“WASHINGTON — Attorney General Eric H. Holder Jr. on Monday injected the Obama administration into the emotional and politicized debate over the future of state same-sex marriage bans, declaring in an interview that state attorneys general are not obligated to defend laws that they believe are discriminatory.

    Mr. Holder was careful not to encourage his state counterparts to disavow their own laws, but said that officials who have carefully studied bans on gay marriage could refuse to defend them.”

    http://www.nytimes.com/2014/02/25/us/holder-says-state-attorneys-general-dont-have-to-defend-gay-marriage-bans.html?pagewanted=all

    This will come back to bite Democrats in the future.

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  7. I caught AG Herring basically saying that a few weeks ago. Constitutional is just shorthand for whether or not you support a given policy.

    And they’re doing it b/c they think they are invincible

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  8. The amusing thing about Herring is that he voted for the ban that he now views as indefensible. If in fact “no plausible argument” can be made that it was constitutional, then presumably that disqualifies him from holding his current office, given that he missed it at the time.

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  9. Re: The oral argument and Justice Thomas debate from earlier. Apparently oral argument is needed so that the Justices can help the litigants rewrite their briefs to include precedents that they omitted:

    ““Reading your brief,” Kennedy told the administration’s lawyer, “I couldn’t find a single precedent that strongly supports your position. . . . What are the cases you want me to cite if I write the opinion to sustain your position?”

    “I think Morton v. Ruiz comes the closest,” Verrilli replied.

    “But that’s not cited in your brief, is it?” Roberts asked.

    Verrilli conceded the point.”

    http://www.washingtonpost.com/opinions/dana-milbank-at-the-supreme-court-a-royal-mess-for-king-barack/2014/02/24/4de3ac46-9dae-11e3-9ba6-800d1192d08b_story.html?hpid=z2

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  10. @jnc4p: “declaring in an interview that state attorneys general are not obligated to defend laws that they believe are discriminatory”

    Holy shit. Then anything I think is discriminatory: against, say, conservatives or Republicans or gun owners or pro-lifers or Tea Partiers, I don’t have to uphold it. The IRS will be most displeased.

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  11. @ScottC: “Don’t drink too much, as a man expects you to keep your dignity all evening. Drinking may make some girls seem clever, but most get silly.”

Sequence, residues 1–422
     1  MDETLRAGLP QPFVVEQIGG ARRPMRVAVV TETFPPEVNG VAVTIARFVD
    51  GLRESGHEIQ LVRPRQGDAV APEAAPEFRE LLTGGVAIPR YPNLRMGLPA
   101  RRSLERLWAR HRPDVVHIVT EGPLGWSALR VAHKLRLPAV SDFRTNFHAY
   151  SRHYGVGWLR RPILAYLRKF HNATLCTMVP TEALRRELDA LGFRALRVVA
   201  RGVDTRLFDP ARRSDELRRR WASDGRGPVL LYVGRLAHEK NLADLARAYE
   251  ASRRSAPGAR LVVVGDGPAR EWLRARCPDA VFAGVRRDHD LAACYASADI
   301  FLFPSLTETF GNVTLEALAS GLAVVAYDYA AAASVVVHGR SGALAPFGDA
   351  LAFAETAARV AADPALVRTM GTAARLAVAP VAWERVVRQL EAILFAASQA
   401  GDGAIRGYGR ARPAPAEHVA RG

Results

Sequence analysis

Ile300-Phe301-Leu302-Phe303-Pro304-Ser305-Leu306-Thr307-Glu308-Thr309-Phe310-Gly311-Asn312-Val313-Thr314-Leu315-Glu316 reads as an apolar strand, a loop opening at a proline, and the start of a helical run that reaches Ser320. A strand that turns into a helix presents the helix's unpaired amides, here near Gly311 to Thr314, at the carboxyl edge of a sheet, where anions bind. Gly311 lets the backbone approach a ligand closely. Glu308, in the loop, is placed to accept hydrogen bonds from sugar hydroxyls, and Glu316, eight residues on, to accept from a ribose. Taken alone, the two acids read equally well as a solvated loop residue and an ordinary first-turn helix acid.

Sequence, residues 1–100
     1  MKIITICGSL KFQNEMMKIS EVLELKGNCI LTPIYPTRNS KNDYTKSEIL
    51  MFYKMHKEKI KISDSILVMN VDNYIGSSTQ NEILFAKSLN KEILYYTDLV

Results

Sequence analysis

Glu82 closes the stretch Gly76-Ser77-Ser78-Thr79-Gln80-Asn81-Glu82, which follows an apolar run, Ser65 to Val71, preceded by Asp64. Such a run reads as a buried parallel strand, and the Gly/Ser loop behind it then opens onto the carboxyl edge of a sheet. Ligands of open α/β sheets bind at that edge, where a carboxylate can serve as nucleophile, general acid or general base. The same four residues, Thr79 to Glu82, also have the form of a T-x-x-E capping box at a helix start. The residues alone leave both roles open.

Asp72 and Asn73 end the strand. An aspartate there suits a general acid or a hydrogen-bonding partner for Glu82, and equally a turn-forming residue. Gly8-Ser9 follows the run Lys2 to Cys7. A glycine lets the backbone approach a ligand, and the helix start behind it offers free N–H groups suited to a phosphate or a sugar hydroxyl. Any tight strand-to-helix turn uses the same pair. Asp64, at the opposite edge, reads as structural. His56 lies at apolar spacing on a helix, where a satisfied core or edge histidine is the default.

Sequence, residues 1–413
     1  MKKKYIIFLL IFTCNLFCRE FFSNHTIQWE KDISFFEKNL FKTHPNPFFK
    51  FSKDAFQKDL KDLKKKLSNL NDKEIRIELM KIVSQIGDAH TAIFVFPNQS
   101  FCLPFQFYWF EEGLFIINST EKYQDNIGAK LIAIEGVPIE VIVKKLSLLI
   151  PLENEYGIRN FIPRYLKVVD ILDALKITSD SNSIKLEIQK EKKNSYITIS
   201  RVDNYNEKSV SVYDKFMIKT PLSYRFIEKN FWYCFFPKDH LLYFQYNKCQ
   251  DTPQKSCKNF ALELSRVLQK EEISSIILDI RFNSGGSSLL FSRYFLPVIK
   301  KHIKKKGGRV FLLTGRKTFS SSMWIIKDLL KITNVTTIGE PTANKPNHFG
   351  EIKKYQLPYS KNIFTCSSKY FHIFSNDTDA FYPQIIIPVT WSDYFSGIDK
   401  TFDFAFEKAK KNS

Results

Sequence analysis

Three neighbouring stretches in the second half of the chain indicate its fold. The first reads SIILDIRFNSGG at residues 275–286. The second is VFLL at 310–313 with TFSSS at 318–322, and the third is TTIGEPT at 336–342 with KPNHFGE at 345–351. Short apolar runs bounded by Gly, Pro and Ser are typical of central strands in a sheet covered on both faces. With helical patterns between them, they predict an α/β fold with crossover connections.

Remains a good tip today.

    And don’t fix your make up in the mirror. Man needs it in driving!

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  12. Kevin: The PPACA clearly discriminates. It must be unconstitutional.

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  13. “Fear of ‘Designer Babies’ as F.D.A. Weighs Fertility Procedure

    By SABRINA TAVERNISEFEB. 25, 2014

    GAITHERSBURG, Md. — The Food and Drug Administration is weighing a controversial fertility procedure that involves combining the genetic material of three people to make a baby free of certain defects, a therapy that critics say is an ethical minefield and could lead to the creation of designer babies.”

    http://www.nytimes.com/2014/02/26/health/fda-meeting-considers-controversial-fertility-procedure.html?hp

    “KHAN: Captain, although your abilities intrigue me, you are quite honestly inferior. Mentally, physically. In fact, I am surprised how little improvement there has been in human evolution. Oh, there has been technical advancement, but, how little man himself has changed.”

    http://www.chakoteya.net/startrek/24.htm

    Edit: Interesting Jacobin piece on the same thing:

    https://www.jacobinmag.com/2014/01/theres-a-gene-for-that/

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  14. We have reached the end of law and of constitutional order in the U.S. There is no hyperbole or even exaggeration in that statement. When judges rule that same-sex marriage is a constitutional right, that men and women are interchangeable and sex irrelevant to marriage, and attorneys general not only adopt those positions but refuse to fulfill their legal duties to defend the laws against that madness, the downward spiral has gone as far as downward can go.

    The joinder of man and woman is the one and only constant and essential that marriage ever had in human society. It takes a special kind of arrogance and irrationality to say that is the very thing that requires marriage to be redefined as a matter of law. Eric Holder is the worst and most lawless AG in history, and no one even comes in second to him. History will judge him that way.

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  15. Jesus.

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  16. http://www.washingtonpost.com/blogs/worldviews/wp/2014/02/25/the-most-surprising-thing-at-yanukovychs-estate-he-has-relatively-good-taste/?hpid=z1

    clearly, the writer is unfamiliar with Ukrainian grandmothers and the ass kicking that would result from looting or other such behavior.